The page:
This cooperation connects the ILO to women and men around the world, and promotes the ILO’s role on the global stage. It also reinforces the technical and institutional capacity of ILO constituents, enabling them to develop and put into practice policies that respond to the needs of people for decent work, livelihoods, and dignity.
The ILO’s Development Cooperation Strategy underpins the Organization’s commitment to promoting the Decent Work Agenda in support of the achievement of the Sustainable Development Goals. It affirms the ILO’s mission to increase and diversify its resources and partnerships at the global, national, and local levels.
The RBSA funding modality allows ILO development partners to contribute to a pool of unearmarked, flexible, and voluntary resources. The RBSA is the gold standard of good donorship, as defined by UN policy.
ILO FUNDING BASE
The ILO’s funding base consists of three components:
Assessed contributions, also known as the regular budget, are the funds provided by all ILO member States by virtue of their membership. In the period 2016-17, the ILO’s regular budget amounted to $797.4 million.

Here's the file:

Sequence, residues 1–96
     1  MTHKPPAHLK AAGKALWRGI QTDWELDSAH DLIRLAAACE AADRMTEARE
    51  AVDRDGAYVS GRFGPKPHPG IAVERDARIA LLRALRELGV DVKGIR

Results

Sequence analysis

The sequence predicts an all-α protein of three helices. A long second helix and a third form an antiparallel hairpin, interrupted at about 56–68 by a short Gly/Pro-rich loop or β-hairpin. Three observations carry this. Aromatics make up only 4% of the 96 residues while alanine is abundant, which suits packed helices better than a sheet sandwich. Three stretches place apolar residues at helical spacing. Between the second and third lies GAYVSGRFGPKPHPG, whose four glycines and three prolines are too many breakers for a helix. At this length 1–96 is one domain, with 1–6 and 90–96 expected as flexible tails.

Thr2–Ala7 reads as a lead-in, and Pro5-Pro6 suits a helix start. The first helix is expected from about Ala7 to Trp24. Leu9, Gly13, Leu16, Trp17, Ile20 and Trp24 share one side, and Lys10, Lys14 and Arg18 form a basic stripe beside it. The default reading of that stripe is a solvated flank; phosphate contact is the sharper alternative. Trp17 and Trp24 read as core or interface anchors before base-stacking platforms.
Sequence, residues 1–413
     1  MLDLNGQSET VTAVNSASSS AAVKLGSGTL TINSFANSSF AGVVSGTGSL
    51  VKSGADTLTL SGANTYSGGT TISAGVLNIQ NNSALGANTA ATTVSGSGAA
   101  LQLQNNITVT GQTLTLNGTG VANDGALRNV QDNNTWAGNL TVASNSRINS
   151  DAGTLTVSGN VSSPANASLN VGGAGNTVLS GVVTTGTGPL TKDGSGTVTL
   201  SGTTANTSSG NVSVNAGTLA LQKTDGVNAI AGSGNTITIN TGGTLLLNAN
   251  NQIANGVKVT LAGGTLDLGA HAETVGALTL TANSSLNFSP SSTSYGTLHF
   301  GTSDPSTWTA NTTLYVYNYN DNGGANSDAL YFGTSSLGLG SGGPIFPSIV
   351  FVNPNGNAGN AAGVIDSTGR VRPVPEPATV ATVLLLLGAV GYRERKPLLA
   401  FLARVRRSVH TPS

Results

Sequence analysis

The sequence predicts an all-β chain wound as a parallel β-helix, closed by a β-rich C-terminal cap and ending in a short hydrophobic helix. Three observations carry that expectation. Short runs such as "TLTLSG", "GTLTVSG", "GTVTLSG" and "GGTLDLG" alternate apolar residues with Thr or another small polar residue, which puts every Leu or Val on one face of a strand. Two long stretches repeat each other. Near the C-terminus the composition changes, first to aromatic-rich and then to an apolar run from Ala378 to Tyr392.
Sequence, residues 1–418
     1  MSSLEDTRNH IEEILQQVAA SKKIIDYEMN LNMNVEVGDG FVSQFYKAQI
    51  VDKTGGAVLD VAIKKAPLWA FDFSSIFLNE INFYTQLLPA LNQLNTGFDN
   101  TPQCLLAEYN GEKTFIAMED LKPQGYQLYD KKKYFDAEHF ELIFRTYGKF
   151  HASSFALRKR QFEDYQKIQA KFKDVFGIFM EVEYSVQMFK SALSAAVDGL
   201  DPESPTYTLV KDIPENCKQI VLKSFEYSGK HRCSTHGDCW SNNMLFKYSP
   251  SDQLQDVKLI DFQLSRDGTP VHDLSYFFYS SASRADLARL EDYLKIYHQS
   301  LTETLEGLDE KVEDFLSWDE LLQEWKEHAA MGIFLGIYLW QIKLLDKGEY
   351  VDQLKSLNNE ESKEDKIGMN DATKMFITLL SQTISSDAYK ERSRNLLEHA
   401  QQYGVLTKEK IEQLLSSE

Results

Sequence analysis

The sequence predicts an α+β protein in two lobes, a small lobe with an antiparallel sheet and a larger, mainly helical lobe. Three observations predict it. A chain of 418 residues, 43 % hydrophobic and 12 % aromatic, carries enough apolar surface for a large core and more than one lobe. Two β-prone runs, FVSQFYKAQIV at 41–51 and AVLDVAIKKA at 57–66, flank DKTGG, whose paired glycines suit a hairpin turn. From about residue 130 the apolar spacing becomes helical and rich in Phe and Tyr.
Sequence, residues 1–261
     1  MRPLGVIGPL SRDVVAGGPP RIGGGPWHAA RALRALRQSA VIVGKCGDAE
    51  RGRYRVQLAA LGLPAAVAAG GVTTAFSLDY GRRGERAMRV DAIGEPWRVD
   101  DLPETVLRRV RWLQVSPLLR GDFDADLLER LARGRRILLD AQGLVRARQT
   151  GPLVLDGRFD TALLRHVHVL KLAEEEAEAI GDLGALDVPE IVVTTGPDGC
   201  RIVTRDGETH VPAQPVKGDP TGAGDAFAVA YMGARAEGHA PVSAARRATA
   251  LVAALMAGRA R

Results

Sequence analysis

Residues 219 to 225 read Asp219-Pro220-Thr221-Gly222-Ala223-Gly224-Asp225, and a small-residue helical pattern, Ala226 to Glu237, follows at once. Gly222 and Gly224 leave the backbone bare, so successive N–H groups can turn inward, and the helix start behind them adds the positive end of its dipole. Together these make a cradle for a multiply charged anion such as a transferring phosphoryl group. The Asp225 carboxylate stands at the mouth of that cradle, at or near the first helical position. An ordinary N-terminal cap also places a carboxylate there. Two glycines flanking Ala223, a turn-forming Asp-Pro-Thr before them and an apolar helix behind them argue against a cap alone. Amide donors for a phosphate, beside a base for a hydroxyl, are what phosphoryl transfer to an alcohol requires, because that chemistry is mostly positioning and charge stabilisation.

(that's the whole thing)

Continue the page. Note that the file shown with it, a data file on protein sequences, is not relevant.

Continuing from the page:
Allocated voluntary funding supports specific global and national programmes, with a clear timeline, geographic location, and thematic focus. In the period of 2016-2017, the ILO received $611.5 million in such funding.
Core voluntary funding, also known as the RBSA, provides a pool of flexible resources allocated by the ILO to strategic areas, geographic areas, or themes less endowed by other extra-budgetary resources, and emerging priorities. In the period 2016-17, the ILO received $29.3 million from eight countries: Belgium, Denmark, Germany, Italy, Luxembourg, the Netherlands, Norway, and Sweden.
Allocated voluntary funding supports specific global and national programmes, with a clear timeline, geographic location, and thematic focus. In the period of 2016-2017, the ILO received $611.5 million in such funding;